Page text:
Hello! My name is Ryan Steinly, and I’m a rising junior majoring in Spanish and Classics with a certificate in German. This summer, as a Brackenridge Fellow and the recipient of the Dick Thornburgh Fellowship, I’ll be conducting public policy research and working with the resources in the Thornburgh Archival Collection. On campus I work as an ambassador for the Dietrich School, giving tours and leading information sessions, and I spend some of my free time rehearsing with my acapella group C Flat Run, as well as with the Heinz Chapel Choir!
Through my research project, “A Holistic Evaluation of Pennsylvania’s Language Access Plan”, I’m looking to investigate the challenges non-native speakers of English experience in immigrating to Pennsylvania, due to the state’s lack of an effective policy framework to provide resources and systemic support for English-learners. Specifically, though this population greatly increased in Pennsylvania between 2005 and 2015, the educational achievement gap between English-learner students and their English-speaking peers only worsened across that same time frame. Therefore, through this work, I aim to identify the precise ways in which the state’s current policies are failing to meet the needs of English learners, so that I can develop possible solutions to this achievement gap.
In order to inform my perspective to analyzing the state’s language access plan, I’ll begin my research by examining the current status of Pennsylvania’s English-learner population and identifying their needs in terms of educational, professional, and governmental support. I’ll then work to evaluate Pennsylvania’s language framework by researching how the state has allocated federal grants created for English-learner support, as well as by investigating the historical updates and revisions (or lack thereof) of the policies to meet the diversifying needs of Pennsylvania’s ever growing English-learner population. Throughout, I will be comparing the state’s attempts to aid English-learners with those of other states with greater success in eliminating disparities between the populations. Professor Balderston of the Department of Hispanic Languages and Literatures will mentor me throughout this fellowship. Through this work, I hope to increase the quality and quantity of resources provided to such a critically underserved group.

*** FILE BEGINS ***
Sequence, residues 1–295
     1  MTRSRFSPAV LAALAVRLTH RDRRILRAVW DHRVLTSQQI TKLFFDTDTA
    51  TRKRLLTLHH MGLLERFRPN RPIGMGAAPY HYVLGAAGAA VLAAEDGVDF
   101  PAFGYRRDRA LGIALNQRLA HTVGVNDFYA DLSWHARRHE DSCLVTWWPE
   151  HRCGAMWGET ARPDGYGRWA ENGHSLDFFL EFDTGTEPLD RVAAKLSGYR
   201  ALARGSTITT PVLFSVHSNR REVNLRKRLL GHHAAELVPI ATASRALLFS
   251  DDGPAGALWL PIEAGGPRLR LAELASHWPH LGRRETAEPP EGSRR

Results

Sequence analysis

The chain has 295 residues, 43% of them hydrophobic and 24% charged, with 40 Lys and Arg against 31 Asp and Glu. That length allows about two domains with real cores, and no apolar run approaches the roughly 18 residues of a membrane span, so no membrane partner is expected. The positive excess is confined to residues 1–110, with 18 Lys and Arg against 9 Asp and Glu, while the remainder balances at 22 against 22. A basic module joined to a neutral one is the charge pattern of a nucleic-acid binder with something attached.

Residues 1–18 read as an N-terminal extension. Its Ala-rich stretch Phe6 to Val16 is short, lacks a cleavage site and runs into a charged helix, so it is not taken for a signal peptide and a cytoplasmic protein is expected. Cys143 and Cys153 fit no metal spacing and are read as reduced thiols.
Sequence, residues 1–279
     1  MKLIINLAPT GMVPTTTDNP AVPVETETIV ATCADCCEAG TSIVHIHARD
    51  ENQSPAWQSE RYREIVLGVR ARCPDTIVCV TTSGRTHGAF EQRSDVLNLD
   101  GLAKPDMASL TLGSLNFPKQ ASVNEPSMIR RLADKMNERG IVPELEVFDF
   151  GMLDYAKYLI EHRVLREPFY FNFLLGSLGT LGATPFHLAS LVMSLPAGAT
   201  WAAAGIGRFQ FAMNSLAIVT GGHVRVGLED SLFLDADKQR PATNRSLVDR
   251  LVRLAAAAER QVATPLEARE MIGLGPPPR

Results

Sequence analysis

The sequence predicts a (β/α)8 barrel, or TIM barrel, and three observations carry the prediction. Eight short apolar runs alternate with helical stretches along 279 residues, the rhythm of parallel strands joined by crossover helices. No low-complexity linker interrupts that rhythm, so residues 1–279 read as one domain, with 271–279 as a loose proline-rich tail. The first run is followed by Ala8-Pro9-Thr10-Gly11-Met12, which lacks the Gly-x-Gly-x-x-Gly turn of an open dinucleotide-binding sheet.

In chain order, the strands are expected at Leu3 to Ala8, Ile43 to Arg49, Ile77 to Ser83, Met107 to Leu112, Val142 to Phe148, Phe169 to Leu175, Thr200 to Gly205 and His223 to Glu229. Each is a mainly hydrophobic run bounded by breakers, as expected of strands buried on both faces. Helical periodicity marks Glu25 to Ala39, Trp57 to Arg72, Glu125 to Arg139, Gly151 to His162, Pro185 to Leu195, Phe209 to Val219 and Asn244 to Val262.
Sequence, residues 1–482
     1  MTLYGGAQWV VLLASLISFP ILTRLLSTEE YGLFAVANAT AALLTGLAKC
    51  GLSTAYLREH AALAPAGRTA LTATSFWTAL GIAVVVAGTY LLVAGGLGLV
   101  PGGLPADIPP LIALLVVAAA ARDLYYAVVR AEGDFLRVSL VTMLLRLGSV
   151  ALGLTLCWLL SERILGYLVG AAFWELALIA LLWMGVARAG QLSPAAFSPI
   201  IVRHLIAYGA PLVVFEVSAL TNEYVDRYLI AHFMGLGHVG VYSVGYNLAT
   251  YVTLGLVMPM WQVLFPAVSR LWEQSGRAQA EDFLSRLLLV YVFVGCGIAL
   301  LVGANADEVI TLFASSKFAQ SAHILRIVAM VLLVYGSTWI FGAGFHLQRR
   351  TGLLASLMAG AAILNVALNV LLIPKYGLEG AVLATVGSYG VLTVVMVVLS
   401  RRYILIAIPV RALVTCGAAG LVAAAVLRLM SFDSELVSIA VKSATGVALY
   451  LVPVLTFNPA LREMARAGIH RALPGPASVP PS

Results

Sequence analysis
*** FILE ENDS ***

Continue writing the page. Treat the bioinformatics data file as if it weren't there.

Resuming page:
I’m greatly interested in continuing to research and work against the inequalities that can arise from language barriers, and I am hoping to further this work through a Bachelor of Philosophy degree with the Honors College. For the future, I aspire to attend law school and pursue a career in immigration law, to work at the intersection of linguistics, law, and equality. This fellowship provides me with the great opportunity to better understand the challenges involved in the immigration process and the ways in which it places specific hardships on non-English speaking immigrants. Furthermore, the experience of engaging with such a dynamic, interdisciplinary cohort allows me to learn from my peers and practice communicating my research to a broad audience. Through the summer workshop series, I look to gain more specific skills in different aspects of the research process, such as applying for publications and pursuing national scholarships. I’m looking forward to beginning this research and engaging with the cohort of scholars!
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